I’m going to be honest here. For as long as I’ve been a music fan I’ve always been a huge advocate of the album, and along with it, the concept of listening to an entire album from start to finish. I was thinking about writing this post earlier today and it struck me how much my listening habits have changed in 2014. Last year I blogged about how ditching CDs, then iTunes, (in favour of Spotify) had allowed me to listen to more music than any other time of my life. But it’s only now I’ve realised that, whilst true, with this freedom I’ve become impatient with the idea of playing a whole album from start to finish. Deep down, I hope the Guardian’s recent post on the death of the album isn’t a forecast of things to come… but I’m certainly not helping matters with my countless Spotify playlists.
Having said all that, there have been a handful of 2014’s albums that I’ve played straight through again and again – here they are:
2012 Mercury Prize Winners Alt-J returned in September 2014 with another synth-filled, alien-sounding, downbeat album. Miley Cyrus samples, sex metaphors, gothic space-folk – it sounds ridiculous but it all blends together beautifully. Even their cover of Bill Withers’ “Lovely Day” at the end of the album is gorgeous.
Before this album’s release, singer-songwriter Sam Smith was no stranger to the music world, appearing on Disclosure’s “Settle” (which made my top albums of 2013, btw) and Naughty Boy’s “Hotel Cabana”. This year he won both the BRIT Critic’s Choice Award and BBC’s Sound of 2014 poll, and his debut album is twice-nominated for the upcoming 57th Grammys. Smith’s expressive, powerful vocals team-up with piano and soaring strings for a grand tour of sadness and loneliness.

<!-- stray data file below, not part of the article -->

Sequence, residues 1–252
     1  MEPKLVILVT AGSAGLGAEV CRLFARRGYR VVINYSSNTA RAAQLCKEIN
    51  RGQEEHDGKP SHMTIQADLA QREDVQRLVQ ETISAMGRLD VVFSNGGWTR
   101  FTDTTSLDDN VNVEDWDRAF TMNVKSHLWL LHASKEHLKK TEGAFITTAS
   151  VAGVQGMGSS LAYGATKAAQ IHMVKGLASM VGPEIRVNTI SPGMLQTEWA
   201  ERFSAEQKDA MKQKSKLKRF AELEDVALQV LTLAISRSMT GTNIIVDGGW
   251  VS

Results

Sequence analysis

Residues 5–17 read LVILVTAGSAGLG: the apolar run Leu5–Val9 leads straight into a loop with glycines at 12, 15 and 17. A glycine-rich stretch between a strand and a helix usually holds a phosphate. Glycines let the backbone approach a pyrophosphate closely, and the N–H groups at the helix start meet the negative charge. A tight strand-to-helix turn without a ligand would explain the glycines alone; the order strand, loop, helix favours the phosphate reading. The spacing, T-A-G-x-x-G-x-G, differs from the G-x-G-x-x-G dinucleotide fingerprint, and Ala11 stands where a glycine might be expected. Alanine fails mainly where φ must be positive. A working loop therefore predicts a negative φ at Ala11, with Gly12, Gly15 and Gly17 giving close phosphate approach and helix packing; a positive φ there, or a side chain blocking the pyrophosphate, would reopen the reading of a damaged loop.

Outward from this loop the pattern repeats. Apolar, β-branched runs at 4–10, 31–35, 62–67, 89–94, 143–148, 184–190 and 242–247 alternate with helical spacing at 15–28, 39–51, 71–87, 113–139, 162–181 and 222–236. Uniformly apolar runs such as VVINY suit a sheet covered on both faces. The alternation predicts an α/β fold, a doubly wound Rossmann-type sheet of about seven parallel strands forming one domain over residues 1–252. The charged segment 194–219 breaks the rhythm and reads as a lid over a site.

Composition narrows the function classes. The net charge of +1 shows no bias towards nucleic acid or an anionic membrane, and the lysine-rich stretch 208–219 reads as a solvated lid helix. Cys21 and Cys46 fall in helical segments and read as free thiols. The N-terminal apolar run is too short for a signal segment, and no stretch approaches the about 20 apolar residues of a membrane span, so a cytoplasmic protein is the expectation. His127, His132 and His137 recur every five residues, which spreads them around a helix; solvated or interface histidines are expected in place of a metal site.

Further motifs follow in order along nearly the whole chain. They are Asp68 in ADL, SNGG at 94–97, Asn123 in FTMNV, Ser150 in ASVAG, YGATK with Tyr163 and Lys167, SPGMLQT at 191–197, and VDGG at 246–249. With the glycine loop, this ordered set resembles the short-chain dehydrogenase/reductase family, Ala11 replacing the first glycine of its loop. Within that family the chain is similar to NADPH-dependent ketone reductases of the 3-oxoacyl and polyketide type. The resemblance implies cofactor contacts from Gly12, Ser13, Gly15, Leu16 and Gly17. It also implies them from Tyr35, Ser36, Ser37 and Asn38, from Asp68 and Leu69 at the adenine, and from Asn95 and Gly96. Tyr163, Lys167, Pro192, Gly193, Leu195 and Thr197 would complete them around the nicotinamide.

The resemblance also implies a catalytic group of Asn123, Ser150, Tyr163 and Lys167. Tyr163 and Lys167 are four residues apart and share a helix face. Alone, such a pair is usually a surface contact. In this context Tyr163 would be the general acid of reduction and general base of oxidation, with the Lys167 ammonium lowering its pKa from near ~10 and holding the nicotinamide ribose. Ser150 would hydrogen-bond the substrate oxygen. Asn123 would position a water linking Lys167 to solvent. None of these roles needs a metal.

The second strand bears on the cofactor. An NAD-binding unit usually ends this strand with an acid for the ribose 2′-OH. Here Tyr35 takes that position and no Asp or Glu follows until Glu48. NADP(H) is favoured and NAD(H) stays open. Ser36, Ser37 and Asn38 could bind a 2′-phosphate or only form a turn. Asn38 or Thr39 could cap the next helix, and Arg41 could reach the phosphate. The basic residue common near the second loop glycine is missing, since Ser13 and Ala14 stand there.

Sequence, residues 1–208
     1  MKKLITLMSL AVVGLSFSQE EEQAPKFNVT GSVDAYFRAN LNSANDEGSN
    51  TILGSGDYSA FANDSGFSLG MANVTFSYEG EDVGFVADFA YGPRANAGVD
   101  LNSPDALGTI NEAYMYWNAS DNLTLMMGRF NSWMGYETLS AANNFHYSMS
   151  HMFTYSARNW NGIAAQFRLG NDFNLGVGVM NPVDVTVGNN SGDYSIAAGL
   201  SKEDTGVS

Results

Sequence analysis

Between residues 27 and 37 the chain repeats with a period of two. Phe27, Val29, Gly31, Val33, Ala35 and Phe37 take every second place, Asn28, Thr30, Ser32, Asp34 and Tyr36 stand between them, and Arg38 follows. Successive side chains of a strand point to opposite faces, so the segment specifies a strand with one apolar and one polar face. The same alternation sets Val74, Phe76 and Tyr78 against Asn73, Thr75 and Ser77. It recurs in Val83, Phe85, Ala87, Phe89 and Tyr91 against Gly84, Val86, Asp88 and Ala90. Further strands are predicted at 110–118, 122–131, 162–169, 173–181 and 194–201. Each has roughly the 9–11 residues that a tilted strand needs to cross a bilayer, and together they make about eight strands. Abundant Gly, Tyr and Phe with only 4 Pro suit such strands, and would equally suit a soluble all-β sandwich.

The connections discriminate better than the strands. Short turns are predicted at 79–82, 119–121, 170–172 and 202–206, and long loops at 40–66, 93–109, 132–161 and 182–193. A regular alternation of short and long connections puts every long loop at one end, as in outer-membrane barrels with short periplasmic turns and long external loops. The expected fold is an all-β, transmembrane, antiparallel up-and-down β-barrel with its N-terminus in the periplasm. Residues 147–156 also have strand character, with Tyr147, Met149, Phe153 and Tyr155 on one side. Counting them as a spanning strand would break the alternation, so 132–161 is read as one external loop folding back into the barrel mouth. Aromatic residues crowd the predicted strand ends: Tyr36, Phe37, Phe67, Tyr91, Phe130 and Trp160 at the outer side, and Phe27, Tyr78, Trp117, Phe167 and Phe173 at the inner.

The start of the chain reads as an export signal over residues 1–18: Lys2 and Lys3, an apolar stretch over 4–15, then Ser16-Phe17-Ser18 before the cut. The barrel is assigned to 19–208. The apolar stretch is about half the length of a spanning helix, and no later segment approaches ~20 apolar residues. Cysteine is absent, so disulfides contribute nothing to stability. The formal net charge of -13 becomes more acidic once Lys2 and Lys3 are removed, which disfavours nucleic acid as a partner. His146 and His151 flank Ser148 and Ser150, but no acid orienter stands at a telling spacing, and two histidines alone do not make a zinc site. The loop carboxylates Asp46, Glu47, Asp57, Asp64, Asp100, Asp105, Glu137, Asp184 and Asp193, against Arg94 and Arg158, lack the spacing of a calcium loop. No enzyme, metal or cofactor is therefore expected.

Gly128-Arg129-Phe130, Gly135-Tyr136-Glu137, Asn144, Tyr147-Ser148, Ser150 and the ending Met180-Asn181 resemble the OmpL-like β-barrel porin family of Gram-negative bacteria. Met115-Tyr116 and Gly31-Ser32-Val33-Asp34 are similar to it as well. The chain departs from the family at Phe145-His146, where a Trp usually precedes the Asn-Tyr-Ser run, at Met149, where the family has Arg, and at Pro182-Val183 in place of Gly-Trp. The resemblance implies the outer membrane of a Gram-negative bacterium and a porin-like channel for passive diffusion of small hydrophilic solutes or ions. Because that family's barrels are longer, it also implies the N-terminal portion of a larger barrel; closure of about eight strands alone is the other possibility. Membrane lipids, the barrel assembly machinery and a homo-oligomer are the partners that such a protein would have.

Sia Furler’s 6th studio album took a darker turn, leading with the addiction-themed hit “Chandelier”. The quirk factor is turned-up to 10, moving from slurry ballads (“Straight For The Knife”) to ska-pop (“Hostage”). It’s a shame that her decision to promote the album whilst never showing her face may run the risk of distracting from a collection of some of her best songs.
Tracks from George Ezra’s debut have peppered the charts all year, and it’s not hard to see why. Here we have a warm, comforting set of stories referring to his time inter-railing round Europe, set to themes of young love. It’s not all sunshine and happiness though, “Did You Hear The Rain?” is heavy, dark stuff, and never feels contrived. All wrapped-up in George’s deep baritone, bluesy vocal – folk-pop is here to stay.
Tracking the “conscious uncoupling” of Chris Martin from Gwyneth Paltrow, Coldplay’s 6th studio album is brimming with pain and heartache. Gone are the huge stadium-fillers of previous albums (a notable exception being “A Sky Full Of Stars”, co-written and produced by Swedish DJ Avicii), replaced instead by electronic minimalism – and it’s a breath of fresh air. It might even be their best since “Parachutes”.
Gaga’s jazz background and her friendship with 88 year-old Tony Bennett set the tone for a fun, cheerful walk through classic jazz standards. Gaga’s vocal dominates throughout, but it’s great to hear her disconnected from the familiar autotune and power pop. Hearing her deliver a relaxed, understated “Lush Life” with a simple piano/strings accompaniment is a real treat. I dare you to try not to tap your feet along to “It Don’t Mean A Thing (If It Ain’t Got That Swing)”.
OK, so this album isn’t technically from 2014, but it arrived too late to make last year’s round up! This, Porter’s third solo album received the 2014 Grammy Award for best jazz vocal album. But there’s far more here than jazz – title track “Liquid Spirit” is a memorable gospel, clap-along. “Free” is an easy funk-filled groove, and the standout “Hey Laura” wouldn’t be out of place on a Van Morrison record.
Feel free to post your favourite albums (or your favourite tracks) in the comments below! Meanwhile – wishing you a very happy 2015!